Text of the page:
During the intervention, the clinical supervisor of each ward monitored the education performance of the nurses in that ward, educated these nurses about the principles and proper methods of patient education, simultaneously observed the performance of the nurses, and offered individual and group feedbacks when necessary. The findings of this research indicated that the regular implementation of patient education, observation, and feedback through the course of such an intervention improved the education performance of the nurses from a medium level to a satisfactory level.

Regarding the staff-related outcome (i.e., job motivation), the results showed no significant change in the job motivation score of the nurses during this study. This lack of significant change can be interpreted in two ways. First, it can be attributed to the short length of group supervision program. In the majority of the previous studies, clinical supervision program had a duration of six months to one year, and the motivation-related results seem to be attributable to the long period during which group discussion and clinical supervision sessions were held. In addition, the managers’ attitude toward nursing staff and especially novice nurses during the implementation of clinical supervision program can affect their motivation and job satisfaction level.

Therefore, as suggested by Fakhar (2012), the long-term clinical supervision, when combined with the supportive attitude of managers, seems to have a positive impact on the patient’s satisfaction level (18). It is also worth noting that various people have different levels of motivation, and even the motivation of a person may vary with the place of employment (19).

It is also worth mentioning that hygienic factors do not lead to job dissatisfaction as much as salary; however, the lack or deficiency of these two factors will certainly cause some levels of dissatisfaction.

For example, in a study conducted by Asl et al. (2010), examining the relationship of Herzberg’s hygienic-motivation factors with job satisfaction among the staff of Yasouj teaching hospitals, a significant relationship was reported between salary and the hygienic factors affecting the staff performance, and also between the income status and the hygienic factors and staff performance (20).

Nasiripour (2013) also reported that salary is more effective on staff performance than other factors, such as supervision (21). Ventsson (2004) identified the salary as one of the most effective factors in improving the employee’s satisfaction and performance. Considering that the present study coincided with the implementation of a function-based payment plan, the staff were generally dissatisfied with the salaries, and this may have affected their performance.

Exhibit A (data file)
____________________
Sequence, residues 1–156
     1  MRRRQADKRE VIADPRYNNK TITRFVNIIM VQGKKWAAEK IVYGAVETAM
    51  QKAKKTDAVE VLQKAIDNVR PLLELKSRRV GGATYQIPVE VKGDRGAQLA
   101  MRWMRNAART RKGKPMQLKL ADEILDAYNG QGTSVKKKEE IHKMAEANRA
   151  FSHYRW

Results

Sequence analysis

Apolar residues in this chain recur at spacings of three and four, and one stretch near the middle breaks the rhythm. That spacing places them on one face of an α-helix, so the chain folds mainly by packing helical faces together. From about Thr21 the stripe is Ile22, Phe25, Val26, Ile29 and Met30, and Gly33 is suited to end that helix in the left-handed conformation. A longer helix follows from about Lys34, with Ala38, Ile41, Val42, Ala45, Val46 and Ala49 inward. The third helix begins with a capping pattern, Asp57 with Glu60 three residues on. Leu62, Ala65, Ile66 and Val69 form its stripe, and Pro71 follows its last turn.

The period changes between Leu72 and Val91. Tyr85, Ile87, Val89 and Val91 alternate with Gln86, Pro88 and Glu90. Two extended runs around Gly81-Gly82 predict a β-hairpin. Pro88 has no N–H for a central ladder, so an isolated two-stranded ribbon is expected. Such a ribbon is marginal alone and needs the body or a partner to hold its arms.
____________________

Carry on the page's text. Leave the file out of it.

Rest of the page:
The staff described the function-based payment as injustice and one of the most important factors that adversely affect their motivation and performance. They believed that managers should stop this injustice or at least limit their psychological effects in order to minimize their technical implications. In view of these remarks, it can be concluded that the implementation of a fairer or better-coordinated system of payment and benefits in the organization will lead to higher job satisfaction.

Another finding of this study was the improvement of the quality of patient education documentation after the execution of the group clinical supervision model. Vanaki et al. (2012) revealed the high frequency of the incomplete documentation of drug and dietary education in nursing reports (22). Other studies have also pointed to the incomplete documentation of patient education due to the lack of standard forms for this purpose (23).

This is while the documentation of patient education is one of the primary tools of nursing care supervision, which should be carried out in a standard way at all stages of patient education, including need assessment, content preparation, implementation, and evaluation, from the moment of admission to the time of discharge.

The correct documentation of patient education can assist the organization in accurate annual reporting, planning, and assessment and in processes, such as accreditation. The observed improvement in patient education documentation in this study can be partly attributed to the use of a standard patient education form designed by the Mashhad University of Medical Sciences. Another reason for this improvement could be the individual and group feedbacks provided to the nurses and their analysis during the supervision sessions.

One of the limitations of this study was the lack of any measure to consider the potential impacts of mental and psychological conditions of the mothers of the hospitalized children during the completion of the questionnaire. There was also no mechanism to control the effects of the psychological state of the nurses and their occupational problems when they were completing the Herzberg’s motivation-hygiene questionnaire.

It should be also noted that the post-intervention stage of this study coincided with the implementation of function-based payment plan at Sheikh Hospital, which had caused general dissatisfaction among the nurses. Since the mechanism and amount of payment is a significant determinant of staff motivation, this coincidence may have affected the results of our study in ways that could not be controlled by the researchers.


Implications for Practice

This study examined the patient-, nursing staff- and organization-related outcomes of implementing a clinical supervision program. The findings of this study can be utilized by nursing directors to plan a group clinical supervision program with a professional development and support approach in order to improve the quality of patient education, patient’s satisfaction, and nurses’ occupational motivation.



We are grateful to all the participants who volunteered to take part in this investigation. The present study is part of the research plan No. 930954, approved by the Research Deputy of Mashhad University of Medical Sciences, Mashhad, Iran. Hereby, the authors express their gratitude to the authorities in Mashhad University of Medical Sciences for their sponsorship and also the authorities of Nursing and Midwifery Faculty for their invaluable support.


Conflicts of Interest

The authors declare no conflicts of interest.